The Lazarus Effect – 2015
Director David Gelb
Starring Mark Duplass, Olivia Wilde, Donald Glover, Evan Peters, Sarah Bolger
Screenplay Luke Dawson, Jeremy Slater
The Lazarus Effect is an amazing accomplishment. It’s a miracle that a film that is this bad could get even a relatively small budget of 3.3 million, and then somehow translate that investment into over 10 times that amount. It could be proof that I took the wrong road out of college. I decided to work for a non-profit. Perhaps I should have opted for the road to shill.
The story is too simple. Some 30-year-old college kids get a grant for a project to create a serum – one can guess the name – designed to aid coma patients. Strangely enough, Lazarus instead develops into a way to bring the dead back to life. If you guess that this white, electro shocked mucous would keep everyone alive by the end of the film, you would be wrong.
The two lead medical researchers, Zoe (Wilde) and Frank (Duplass) are a couple who put off getting married once they got the grant. One of the two is a believer in Roman Catholic dogma, the other is an asshole about it. Wanna guess which one is portrayed by Duplass? So they both have challenges in that area, and, if that isn’t enough, Zoe is tormented by a dream she’s had ever since she was a child and her apartment building. Wanna guess why she’s being tormented?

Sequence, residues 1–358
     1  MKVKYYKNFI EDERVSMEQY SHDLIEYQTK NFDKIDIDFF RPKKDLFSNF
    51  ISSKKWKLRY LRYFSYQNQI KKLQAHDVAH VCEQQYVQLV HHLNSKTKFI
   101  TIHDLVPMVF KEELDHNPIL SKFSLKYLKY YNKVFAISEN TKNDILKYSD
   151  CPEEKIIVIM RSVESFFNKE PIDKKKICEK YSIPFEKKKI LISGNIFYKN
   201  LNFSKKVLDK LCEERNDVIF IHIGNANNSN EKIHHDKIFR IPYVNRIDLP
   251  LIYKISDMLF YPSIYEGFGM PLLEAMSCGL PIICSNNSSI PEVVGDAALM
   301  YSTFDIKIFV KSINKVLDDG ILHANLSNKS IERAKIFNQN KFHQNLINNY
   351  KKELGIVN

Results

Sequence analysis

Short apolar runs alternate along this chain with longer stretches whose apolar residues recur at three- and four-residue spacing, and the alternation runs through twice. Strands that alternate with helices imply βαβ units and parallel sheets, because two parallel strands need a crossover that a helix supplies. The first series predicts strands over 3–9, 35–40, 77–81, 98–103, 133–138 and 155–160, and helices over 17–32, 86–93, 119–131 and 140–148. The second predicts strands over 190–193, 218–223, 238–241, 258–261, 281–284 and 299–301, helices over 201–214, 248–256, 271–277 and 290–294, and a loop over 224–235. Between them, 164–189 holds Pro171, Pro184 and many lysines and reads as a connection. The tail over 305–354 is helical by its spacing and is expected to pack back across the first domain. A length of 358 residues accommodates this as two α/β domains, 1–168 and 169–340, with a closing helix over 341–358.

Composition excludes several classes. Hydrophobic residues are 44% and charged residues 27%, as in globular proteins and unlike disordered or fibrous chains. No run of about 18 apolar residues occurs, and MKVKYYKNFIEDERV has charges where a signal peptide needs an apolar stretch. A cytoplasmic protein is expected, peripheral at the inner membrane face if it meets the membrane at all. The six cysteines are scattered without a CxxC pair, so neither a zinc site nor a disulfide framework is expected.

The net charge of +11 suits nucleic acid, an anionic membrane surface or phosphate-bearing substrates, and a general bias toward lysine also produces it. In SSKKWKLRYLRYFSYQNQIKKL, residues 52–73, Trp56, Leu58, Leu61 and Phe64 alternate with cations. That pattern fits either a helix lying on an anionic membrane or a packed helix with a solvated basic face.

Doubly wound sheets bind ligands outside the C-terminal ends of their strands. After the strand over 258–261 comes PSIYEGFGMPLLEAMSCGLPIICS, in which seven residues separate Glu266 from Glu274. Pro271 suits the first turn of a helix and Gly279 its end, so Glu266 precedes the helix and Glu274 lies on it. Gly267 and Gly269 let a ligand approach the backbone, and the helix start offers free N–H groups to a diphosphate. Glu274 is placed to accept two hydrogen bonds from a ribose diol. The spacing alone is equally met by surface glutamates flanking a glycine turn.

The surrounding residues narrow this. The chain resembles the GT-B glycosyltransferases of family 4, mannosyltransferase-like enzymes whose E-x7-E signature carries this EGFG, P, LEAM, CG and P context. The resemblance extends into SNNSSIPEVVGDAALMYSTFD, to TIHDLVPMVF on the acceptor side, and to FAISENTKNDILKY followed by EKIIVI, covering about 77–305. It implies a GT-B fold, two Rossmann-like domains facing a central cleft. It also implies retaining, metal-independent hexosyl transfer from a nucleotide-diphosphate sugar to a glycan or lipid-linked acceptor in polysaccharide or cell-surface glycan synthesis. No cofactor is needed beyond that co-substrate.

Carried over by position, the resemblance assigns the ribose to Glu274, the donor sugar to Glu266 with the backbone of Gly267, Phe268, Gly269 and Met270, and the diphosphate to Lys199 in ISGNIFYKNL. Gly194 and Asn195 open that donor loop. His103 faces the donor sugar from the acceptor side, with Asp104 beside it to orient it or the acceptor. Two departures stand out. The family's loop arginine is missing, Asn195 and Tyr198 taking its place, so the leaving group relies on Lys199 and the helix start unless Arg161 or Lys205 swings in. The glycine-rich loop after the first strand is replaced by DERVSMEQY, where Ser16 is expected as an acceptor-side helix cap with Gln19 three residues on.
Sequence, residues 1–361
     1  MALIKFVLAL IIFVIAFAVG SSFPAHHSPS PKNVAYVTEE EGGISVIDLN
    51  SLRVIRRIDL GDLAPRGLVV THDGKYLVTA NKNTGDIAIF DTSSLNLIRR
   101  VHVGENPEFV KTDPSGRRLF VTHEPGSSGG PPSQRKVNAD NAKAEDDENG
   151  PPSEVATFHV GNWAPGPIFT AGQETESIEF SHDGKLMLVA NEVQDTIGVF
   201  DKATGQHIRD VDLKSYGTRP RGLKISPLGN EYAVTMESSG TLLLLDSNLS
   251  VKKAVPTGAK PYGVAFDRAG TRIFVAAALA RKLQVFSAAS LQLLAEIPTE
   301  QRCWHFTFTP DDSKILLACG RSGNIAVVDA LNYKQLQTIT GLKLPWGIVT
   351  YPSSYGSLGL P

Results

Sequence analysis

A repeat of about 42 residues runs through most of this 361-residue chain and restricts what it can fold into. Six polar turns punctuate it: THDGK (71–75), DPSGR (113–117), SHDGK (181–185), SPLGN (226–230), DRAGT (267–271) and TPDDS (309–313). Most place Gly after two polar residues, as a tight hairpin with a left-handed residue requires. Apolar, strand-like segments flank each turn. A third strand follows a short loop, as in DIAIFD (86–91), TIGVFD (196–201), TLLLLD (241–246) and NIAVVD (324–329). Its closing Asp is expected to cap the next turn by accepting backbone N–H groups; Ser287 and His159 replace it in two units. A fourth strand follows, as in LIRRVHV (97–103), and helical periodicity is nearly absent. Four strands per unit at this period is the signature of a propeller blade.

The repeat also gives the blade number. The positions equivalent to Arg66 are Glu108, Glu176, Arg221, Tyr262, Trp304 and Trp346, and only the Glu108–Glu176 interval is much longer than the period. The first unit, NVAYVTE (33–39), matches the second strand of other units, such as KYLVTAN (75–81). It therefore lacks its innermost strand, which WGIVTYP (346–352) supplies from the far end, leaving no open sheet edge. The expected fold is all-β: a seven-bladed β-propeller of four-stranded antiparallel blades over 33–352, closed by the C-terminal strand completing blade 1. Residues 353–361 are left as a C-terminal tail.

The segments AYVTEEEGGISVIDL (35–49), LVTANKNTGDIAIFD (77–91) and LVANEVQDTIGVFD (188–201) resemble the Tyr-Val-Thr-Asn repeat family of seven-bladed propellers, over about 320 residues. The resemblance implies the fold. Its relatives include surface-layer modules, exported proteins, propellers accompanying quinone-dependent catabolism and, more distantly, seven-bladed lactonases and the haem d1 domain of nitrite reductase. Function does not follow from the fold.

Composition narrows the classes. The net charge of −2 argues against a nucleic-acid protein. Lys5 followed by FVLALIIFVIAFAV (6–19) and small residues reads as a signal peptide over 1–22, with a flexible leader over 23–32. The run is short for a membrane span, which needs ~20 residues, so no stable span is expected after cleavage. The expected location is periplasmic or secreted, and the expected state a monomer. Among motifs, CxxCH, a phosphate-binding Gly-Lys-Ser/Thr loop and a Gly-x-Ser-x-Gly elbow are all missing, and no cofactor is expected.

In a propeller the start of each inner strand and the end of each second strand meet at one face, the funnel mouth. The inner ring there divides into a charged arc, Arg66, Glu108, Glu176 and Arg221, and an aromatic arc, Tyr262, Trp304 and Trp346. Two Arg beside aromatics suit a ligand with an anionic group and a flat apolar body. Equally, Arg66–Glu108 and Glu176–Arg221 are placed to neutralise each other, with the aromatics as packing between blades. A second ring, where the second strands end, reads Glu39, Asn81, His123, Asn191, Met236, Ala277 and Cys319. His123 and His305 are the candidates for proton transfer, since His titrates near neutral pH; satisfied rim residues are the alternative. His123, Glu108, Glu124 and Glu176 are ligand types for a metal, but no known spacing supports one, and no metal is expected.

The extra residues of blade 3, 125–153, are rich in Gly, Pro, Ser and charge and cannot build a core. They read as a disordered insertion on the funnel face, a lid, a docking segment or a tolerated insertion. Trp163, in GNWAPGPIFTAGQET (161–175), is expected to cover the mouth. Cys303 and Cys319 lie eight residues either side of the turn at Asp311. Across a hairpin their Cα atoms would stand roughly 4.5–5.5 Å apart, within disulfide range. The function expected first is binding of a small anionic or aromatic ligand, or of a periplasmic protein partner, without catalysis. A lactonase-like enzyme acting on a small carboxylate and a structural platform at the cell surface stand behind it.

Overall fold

After the first dog is brought to life, strange things happen. The dog’s cataracts disappear from his eyes, big messes are made, growling happens, and someone likes to take the needle off of records being played. These things are supposed to derive tension from the audience. That they do not is due to a lack of film making skill, acting skill and writing skill. The subtlety in this film falls somewhere between Eddie Haskell and that guy at the funeral at Heathers who asked God why He had “to kill such hot snatch?”
While everyone enjoys the lull in the plot, the college – working for some company that took over the company that gave the grant – swoops in and takes their project away. Only they don’t prevent the team of researchers from getting access to everything they need to move forward with another dead dog. If you think this can only lead to a) the kids getting caught by the one security guard put in charge or b) everyone succeeds, and they make a perfected remedy to cure death, then you would be incorrect.
The rest of the film takes place in a confined, poorly lit, unimaginative set that is tiresome to look at and sucks all the drama out of the film. The acting is wooden throughout. Duplass, though, has a special, soft, rotted kind of wooden acting skill. He always comes across as the guy who bored with the party that he planned himself. Wilde gives it her best shot, but she is going to have to wait a little longer for her career to take off, especially now that Tron 3 has been shelved. Any credibility that Evan Peters accrued with his brilliant take on Quicksilver during the last X-Men film took a left turn into T.J. Miller country, and there is nothing but pot plants for miles every direction.
To say Gelb lacks talent as a director would be to take away from the lack of talent exhibited by authors Dawson and Slater. This teamwork of terrible manages to give you an amazing work where each coming moment is more terrible than the last. This should be the last work any of these guys do, unless you are optimistic that one can learn from such incredible failure. Unless, of course, that failure is matched with unreasonable success. So in that case, look forward to The Lazarus Effect 2 – It’s your fault.
(* out of *****)